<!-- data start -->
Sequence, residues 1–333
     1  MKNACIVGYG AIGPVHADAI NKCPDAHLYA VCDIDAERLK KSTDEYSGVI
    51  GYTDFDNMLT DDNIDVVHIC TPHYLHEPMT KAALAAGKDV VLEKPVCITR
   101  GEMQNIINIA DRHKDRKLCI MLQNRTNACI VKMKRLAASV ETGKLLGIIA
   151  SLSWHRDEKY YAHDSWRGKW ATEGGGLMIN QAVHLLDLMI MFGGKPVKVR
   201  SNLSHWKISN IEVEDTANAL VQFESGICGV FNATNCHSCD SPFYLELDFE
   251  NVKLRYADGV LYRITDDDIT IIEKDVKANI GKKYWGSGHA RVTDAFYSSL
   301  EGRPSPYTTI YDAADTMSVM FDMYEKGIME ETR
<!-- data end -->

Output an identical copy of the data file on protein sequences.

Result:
Sequence, residues 1–333
     1  MKNACIVGYG AIGPVHADAI NKCPDAHLYA VCDIDAERLK KSTDEYSGVI
    51  GYTDFDNMLT DDNIDVVHIC TPHYLHEPMT KAALAAGKDV VLEKPVCITR
   101  GEMQNIINIA DRHKDRKLCI MLQNRTNACI VKMKRLAASV ETGKLLGIIA
   151  SLSWHRDEKY YAHDSWRGKW ATEGGGLMIN QAVHLLDLMI MFGGKPVKVR
   201  SNLSHWKISN IEVEDTANAL VQFESGICGV FNATNCHSCD SPFYLELDFE
   251  NVKLRYADGV LYRITDDDIT IIEKDVKANI GKKYWGSGHA RVTDAFYSSL
   301  EGRPSPYTTI YDAADTMSVM FDMYEKGIME ETR